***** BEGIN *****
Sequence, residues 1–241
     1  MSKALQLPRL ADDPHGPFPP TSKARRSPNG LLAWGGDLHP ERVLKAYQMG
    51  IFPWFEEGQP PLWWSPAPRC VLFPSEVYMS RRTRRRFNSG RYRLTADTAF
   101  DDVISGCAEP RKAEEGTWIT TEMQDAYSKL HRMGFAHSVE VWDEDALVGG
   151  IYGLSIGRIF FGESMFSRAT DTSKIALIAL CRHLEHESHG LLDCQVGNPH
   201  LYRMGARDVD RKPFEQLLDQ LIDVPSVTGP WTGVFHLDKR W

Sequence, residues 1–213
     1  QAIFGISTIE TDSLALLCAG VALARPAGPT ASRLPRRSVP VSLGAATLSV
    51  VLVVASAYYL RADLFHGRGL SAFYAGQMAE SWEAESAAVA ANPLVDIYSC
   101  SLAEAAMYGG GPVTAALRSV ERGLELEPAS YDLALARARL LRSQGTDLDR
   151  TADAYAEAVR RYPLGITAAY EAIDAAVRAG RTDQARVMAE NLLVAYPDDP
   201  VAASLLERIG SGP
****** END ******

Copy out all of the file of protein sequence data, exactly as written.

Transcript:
Sequence, residues 1–241
     1  MSKALQLPRL ADDPHGPFPP TSKARRSPNG LLAWGGDLHP ERVLKAYQMG
    51  IFPWFEEGQP PLWWSPAPRC VLFPSEVYMS RRTRRRFNSG RYRLTADTAF
   101  DDVISGCAEP RKAEEGTWIT TEMQDAYSKL HRMGFAHSVE VWDEDALVGG
   151  IYGLSIGRIF FGESMFSRAT DTSKIALIAL CRHLEHESHG LLDCQVGNPH
   201  LYRMGARDVD RKPFEQLLDQ LIDVPSVTGP WTGVFHLDKR W

Sequence, residues 1–213
     1  QAIFGISTIE TDSLALLCAG VALARPAGPT ASRLPRRSVP VSLGAATLSV
    51  VLVVASAYYL RADLFHGRGL SAFYAGQMAE SWEAESAAVA ANPLVDIYSC
   101  SLAEAAMYGG GPVTAALRSV ERGLELEPAS YDLALARARL LRSQGTDLDR
   151  TADAYAEAVR RYPLGITAAY EAIDAAVRAG RTDQARVMAE NLLVAYPDDP
   201  VAASLLERIG SGP